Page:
Monday, March 10, 2014

Are crews being put at risk for management's profits? Tragedy on 'Midnight Rider' Shoot Raises Safety Issues

Tragedy on 'Midnight Rider' Shoot Raises Safety Issues

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The tragedy on the Midnight Rider shoot which killed assistant camerawoman Sarah Jones and injured others has industry veterans calling for change. Producer Marty Katz talks about the safety protocols that DGA members are trained to employ on set. Then, Oscar-winning cinematographer Haskell Wexler furthers the conversation on crew safety by discussing the dangerous issue of severe fatigue due to long work days.
Banner image adapted from Horia Varlan

Hollywood News Banter (2:30PM)

John Horn of the LA Times and Kim Masters discuss top entertainment news stories of the week.
Darren Aronofsky's Noah may be banned in some Middle Eastern countries.
ABC's parent company, Walt Disney, strikes a deal with Dish Network to dismantle the ad-skipping function.
The fight between broadcast networks and Aereo gets ready for a Supreme Court debut.

Marty Katz (2:38PM)

Marty Katz has over 40 years in the business as a producer, studio executive, and production manager. In the wake of the tragedy on the Midnight Rider shoot, he lays out the protocols that crews are expected to follow when shooting in dangerous locations or high risk scenes. 

Haskell Wexler (2:49PM)

Haskell Wexler is an Oscar-winning cinematographer and an outspoken advocate for saner workdays on film shoots. He wrote an open letter after the Midnight Rider incident His 2006 documentary Who Needs Sleep? has interviews with talent and crew logged over an eight year span on the dangers of sleep deprivation. His organization 12On12Off calls for the industry to limit work to 12 hours/day.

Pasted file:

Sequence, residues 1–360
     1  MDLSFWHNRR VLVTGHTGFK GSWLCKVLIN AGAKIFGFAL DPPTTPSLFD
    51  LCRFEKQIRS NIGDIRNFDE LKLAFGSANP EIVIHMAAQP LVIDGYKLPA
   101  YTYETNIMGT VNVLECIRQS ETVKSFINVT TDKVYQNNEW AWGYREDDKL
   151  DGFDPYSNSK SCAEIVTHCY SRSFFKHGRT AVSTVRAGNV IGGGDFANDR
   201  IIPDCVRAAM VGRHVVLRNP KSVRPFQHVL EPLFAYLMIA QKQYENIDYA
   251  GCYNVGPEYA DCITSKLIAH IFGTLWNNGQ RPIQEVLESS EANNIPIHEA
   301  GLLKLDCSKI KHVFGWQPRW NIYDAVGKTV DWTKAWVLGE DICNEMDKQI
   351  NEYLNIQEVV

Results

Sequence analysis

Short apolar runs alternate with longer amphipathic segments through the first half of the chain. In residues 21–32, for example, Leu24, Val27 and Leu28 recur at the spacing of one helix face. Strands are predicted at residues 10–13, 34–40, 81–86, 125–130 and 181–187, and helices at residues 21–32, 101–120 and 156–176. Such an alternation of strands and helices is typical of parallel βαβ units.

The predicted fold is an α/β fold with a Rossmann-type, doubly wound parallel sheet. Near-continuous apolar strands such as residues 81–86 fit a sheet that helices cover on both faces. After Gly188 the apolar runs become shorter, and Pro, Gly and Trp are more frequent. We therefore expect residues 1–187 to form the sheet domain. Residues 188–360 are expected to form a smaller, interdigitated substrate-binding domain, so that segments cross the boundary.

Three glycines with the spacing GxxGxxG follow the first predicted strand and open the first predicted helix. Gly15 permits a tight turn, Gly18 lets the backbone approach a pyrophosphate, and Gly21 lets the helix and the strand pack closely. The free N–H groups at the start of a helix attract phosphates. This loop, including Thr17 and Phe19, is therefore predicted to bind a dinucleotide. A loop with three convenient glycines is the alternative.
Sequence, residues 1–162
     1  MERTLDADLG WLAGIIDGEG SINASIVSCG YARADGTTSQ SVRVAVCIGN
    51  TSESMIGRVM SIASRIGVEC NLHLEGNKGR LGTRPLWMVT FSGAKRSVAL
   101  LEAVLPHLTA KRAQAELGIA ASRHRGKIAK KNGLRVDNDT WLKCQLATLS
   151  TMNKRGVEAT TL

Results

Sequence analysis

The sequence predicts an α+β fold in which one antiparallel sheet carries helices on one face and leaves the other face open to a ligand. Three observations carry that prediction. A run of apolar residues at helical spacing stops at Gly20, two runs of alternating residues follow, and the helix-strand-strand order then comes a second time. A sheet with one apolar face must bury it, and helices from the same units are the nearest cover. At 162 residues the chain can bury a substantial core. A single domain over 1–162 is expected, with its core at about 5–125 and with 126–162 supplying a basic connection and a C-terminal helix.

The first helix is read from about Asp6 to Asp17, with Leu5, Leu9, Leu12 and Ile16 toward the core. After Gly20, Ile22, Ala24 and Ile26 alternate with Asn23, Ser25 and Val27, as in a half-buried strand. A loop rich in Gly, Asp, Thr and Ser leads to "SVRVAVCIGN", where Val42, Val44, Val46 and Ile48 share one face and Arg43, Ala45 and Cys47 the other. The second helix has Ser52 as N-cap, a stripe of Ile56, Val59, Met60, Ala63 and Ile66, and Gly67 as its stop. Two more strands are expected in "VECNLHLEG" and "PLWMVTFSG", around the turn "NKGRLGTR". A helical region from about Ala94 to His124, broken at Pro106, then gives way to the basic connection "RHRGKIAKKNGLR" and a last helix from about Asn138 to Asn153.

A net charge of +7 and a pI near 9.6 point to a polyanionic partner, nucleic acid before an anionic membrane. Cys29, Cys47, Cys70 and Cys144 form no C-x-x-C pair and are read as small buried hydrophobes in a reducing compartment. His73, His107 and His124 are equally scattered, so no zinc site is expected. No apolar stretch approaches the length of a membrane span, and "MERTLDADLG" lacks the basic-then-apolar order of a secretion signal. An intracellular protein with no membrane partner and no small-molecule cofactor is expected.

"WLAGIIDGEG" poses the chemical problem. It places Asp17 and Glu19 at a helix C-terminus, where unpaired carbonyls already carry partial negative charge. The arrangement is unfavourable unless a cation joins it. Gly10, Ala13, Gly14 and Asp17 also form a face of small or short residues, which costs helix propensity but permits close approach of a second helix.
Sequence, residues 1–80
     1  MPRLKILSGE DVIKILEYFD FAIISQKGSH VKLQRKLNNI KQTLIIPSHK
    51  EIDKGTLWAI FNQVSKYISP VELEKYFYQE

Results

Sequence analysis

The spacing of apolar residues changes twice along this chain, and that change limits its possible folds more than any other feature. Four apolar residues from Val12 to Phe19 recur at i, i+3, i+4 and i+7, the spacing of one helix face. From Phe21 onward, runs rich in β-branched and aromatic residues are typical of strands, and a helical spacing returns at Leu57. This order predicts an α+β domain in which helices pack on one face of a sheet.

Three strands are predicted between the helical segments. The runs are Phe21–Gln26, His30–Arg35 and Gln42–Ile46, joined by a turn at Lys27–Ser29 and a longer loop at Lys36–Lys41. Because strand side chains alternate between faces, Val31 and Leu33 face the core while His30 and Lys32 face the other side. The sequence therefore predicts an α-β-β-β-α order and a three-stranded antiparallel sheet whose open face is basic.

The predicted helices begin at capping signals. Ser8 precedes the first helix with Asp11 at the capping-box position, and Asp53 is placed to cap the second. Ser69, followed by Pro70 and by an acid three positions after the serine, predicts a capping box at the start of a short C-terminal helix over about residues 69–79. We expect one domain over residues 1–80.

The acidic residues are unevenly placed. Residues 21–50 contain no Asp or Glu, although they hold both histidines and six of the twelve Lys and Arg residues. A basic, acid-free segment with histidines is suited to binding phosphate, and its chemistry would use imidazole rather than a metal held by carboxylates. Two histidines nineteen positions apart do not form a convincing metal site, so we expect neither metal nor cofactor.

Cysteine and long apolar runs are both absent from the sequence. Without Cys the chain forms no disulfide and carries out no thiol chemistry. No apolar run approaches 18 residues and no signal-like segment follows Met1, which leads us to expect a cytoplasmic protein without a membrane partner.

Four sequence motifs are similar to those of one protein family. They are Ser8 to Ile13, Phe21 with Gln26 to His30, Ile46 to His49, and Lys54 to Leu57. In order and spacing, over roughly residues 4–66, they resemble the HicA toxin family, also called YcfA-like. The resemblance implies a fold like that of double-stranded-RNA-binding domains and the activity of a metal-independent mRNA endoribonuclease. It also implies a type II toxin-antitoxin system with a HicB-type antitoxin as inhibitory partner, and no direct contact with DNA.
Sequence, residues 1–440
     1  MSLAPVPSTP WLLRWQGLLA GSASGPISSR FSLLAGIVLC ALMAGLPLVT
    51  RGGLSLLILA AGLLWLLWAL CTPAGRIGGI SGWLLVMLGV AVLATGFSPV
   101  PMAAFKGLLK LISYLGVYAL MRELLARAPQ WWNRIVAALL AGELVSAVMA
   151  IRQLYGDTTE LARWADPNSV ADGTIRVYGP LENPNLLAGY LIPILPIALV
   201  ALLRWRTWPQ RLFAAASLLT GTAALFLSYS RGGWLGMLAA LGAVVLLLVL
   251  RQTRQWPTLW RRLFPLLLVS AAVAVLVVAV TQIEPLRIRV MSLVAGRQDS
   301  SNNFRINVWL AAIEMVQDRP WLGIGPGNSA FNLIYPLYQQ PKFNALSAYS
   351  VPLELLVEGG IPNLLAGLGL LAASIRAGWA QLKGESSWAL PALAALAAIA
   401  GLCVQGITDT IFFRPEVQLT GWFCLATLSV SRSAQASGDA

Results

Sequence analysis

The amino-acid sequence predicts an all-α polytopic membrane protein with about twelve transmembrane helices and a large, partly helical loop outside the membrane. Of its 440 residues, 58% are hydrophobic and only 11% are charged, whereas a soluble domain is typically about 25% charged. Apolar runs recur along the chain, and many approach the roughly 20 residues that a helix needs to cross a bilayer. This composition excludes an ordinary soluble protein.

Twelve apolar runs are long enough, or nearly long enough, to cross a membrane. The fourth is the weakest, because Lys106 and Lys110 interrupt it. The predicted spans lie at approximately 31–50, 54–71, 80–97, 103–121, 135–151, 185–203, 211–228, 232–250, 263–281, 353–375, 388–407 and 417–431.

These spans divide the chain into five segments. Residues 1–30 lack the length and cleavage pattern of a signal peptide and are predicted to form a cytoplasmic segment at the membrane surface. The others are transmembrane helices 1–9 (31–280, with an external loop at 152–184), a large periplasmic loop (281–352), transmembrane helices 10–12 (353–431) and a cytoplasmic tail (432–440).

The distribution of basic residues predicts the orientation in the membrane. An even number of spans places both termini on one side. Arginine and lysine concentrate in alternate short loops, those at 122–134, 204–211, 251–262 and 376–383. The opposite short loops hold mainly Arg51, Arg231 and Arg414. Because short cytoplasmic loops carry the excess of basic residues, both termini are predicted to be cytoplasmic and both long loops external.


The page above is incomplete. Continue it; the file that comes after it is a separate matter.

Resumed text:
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Haskell is right -- things have only gotten worse since Brent Hershman's death. Wexler rightly blames the corporate obsession with the bottom-line -- just a few years ago (and this according to the LA Times), the crew of NCIS were working 17 to 18 hour days before a new producer came in and brought those work days down to "only" 14 hours -- but there's another factor as well. The HBO-inspired sidebar deal allows cable dramas to shoot 14 hours before double-time kicks in -- and with the hour lunch break, that means the crew can't expect to head for their cars and home until they've been at work for 15 hours, day in and day out, all week long. And all that for paychecks that come in 20% under normal union scale. 

Under the standard IA contract, double-time starts at 12 hours. 

The purpose of double-time is not to make money for the crew, but to serve as a financial hammer to dissuaded producers and directors from abusing their crews. When limited to 12 hours, a director is forced to focus on getting what he/she really needs from each work day. Allowing two more hours to play in the sand box is bad for directors (who never learn any self-discipline) and bad for the crew, who suffer the many deleterious effects of compounded sleep deprivation. 

But with so much of our work flowing out of state thanks to lopsided tax incentive programs elsewhere, I don't see much chance of anybody taking a serious stand to turn this around. Anything that raises production costs, no matter how worthy the goal, will be a non-starter. We'd need to hike California's tax incentive program to $200 million/year to begin stemming runaway production ($300 million/year would be a lot more effective), but I'm not sure the rest of the state or our governor would sign on to that.... which means things will get worse before they get better -- if they get better at all.

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